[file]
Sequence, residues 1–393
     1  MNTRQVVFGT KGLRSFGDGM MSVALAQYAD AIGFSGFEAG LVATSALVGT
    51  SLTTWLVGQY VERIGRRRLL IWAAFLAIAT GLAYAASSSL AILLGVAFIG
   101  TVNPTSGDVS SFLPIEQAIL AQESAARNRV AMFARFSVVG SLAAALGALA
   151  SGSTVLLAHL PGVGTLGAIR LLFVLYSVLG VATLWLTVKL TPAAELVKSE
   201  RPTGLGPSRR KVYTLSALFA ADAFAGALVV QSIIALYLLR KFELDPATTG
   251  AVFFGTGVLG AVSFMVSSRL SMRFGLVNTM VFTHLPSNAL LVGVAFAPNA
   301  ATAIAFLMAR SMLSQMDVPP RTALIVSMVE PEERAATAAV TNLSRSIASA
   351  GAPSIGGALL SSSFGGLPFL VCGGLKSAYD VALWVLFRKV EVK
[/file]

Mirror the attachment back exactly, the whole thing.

Sequence, residues 1–393
     1  MNTRQVVFGT KGLRSFGDGM MSVALAQYAD AIGFSGFEAG LVATSALVGT
    51  SLTTWLVGQY VERIGRRRLL IWAAFLAIAT GLAYAASSSL AILLGVAFIG
   101  TVNPTSGDVS SFLPIEQAIL AQESAARNRV AMFARFSVVG SLAAALGALA
   151  SGSTVLLAHL PGVGTLGAIR LLFVLYSVLG VATLWLTVKL TPAAELVKSE
   201  RPTGLGPSRR KVYTLSALFA ADAFAGALVV QSIIALYLLR KFELDPATTG
   251  AVFFGTGVLG AVSFMVSSRL SMRFGLVNTM VFTHLPSNAL LVGVAFAPNA
   301  ATAIAFLMAR SMLSQMDVPP RTALIVSMVE PEERAATAAV TNLSRSIASA
   351  GAPSIGGALL SSSFGGLPFL VCGGLKSAYD VALWVLFRKV EVK